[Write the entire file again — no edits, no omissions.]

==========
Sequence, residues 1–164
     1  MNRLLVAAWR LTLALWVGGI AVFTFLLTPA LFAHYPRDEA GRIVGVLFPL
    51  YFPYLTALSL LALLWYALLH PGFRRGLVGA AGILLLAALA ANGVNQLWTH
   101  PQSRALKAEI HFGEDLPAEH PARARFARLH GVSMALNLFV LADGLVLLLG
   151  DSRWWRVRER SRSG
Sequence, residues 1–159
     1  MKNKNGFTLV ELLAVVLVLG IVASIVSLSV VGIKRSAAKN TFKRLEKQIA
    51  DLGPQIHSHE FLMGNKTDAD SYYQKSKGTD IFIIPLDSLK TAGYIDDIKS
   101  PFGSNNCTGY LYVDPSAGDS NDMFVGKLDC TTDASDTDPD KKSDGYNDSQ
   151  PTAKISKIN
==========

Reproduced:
Sequence, residues 1–164
     1  MNRLLVAAWR LTLALWVGGI AVFTFLLTPA LFAHYPRDEA GRIVGVLFPL
    51  YFPYLTALSL LALLWYALLH PGFRRGLVGA AGILLLAALA ANGVNQLWTH
   101  PQSRALKAEI HFGEDLPAEH PARARFARLH GVSMALNLFV LADGLVLLLG
   151  DSRWWRVRER SRSG
Sequence, residues 1–159
     1  MKNKNGFTLV ELLAVVLVLG IVASIVSLSV VGIKRSAAKN TFKRLEKQIA
    51  DLGPQIHSHE FLMGNKTDAD SYYQKSKGTD IFIIPLDSLK TAGYIDDIKS
   101  PFGSNNCTGY LYVDPSAGDS NDMFVGKLDC TTDASDTDPD KKSDGYNDSQ
   151  PTAKISKIN